Today’s question: Was new motherhood easier or harder than your day job?
New data from the United Kingdom found that out of 2,000 women surveyed, almost half of them were “considering having a baby to get a year off work.”
Three quick points:
- The survey was reported on by The Daily Mail, a notoriously sensationalist British publication known in some internet circles as “The Daily Fail.” Take this sentence from their piece as an example: “After all, using pregnancy to jump ship and leave others to shoulder your responsibilities hardly bolsters the female cause.”
- This sounds an awful lot like “piranha women,” who theoretically get pregnant to wheedle money out of wealthy men. Both ideas are from The Daily Mail …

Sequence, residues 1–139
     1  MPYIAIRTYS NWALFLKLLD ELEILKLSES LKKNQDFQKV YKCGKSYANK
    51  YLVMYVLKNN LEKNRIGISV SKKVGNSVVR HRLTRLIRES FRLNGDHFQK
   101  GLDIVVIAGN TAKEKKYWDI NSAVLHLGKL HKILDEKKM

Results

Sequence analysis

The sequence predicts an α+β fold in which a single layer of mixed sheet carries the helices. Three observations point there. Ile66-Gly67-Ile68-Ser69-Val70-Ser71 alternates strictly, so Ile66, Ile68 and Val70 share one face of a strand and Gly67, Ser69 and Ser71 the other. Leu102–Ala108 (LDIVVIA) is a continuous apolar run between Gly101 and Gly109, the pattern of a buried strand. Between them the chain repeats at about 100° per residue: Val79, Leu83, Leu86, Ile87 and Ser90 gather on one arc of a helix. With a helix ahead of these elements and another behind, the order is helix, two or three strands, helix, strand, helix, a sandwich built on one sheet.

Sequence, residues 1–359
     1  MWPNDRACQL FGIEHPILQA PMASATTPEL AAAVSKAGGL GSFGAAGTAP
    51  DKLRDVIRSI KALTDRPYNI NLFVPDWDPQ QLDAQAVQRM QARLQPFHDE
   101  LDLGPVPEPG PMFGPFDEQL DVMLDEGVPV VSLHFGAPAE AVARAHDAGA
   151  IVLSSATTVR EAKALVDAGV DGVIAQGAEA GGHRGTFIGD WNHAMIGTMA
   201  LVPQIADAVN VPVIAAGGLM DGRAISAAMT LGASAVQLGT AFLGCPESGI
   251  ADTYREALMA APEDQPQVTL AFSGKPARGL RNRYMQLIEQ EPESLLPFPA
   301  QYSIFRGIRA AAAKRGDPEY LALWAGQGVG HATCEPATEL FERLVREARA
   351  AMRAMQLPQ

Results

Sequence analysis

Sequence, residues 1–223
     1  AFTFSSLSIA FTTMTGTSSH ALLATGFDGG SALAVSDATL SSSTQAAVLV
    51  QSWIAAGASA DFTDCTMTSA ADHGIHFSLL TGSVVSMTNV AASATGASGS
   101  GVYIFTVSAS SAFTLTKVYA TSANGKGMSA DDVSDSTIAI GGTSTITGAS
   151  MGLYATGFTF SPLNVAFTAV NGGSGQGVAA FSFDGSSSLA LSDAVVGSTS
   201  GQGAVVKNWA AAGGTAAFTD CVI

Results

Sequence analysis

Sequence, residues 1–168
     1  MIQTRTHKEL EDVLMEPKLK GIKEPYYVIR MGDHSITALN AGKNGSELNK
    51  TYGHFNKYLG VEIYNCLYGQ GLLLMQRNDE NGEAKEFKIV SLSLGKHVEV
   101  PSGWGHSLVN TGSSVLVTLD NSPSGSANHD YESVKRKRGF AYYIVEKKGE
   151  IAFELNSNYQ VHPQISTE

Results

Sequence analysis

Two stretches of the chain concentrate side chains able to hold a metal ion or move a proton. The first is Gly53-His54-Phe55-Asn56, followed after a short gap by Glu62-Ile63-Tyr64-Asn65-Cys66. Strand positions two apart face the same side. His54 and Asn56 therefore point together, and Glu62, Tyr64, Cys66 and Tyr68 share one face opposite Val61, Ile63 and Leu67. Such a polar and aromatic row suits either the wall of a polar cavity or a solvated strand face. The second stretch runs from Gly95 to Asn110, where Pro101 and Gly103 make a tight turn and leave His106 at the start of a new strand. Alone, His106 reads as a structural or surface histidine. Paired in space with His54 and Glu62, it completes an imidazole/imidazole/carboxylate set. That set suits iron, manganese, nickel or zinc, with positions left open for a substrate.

- This data could never apply to the United States because our maternity leave pales in comparison to the partially paid 52 weeks offered by the United Kingdom. (More on that here. And here.)
Popular mom sites have seized on the implied idea that having a child is easier than going to work. Over at The Stir they write that motherhood is the hardest job there is and certainly isn’t a break, and on Babble’s Stroller Derby they make the opposite assertion: While harder than expected, motherhood doesn’t necessarily trump out-of-home work as the hardest pursuit.
So now we’ve heard from two sides. What do you think? Is it a trend that women are having children to take advantage of maternity policies … and is “taking advantage” necessarily a bad thing?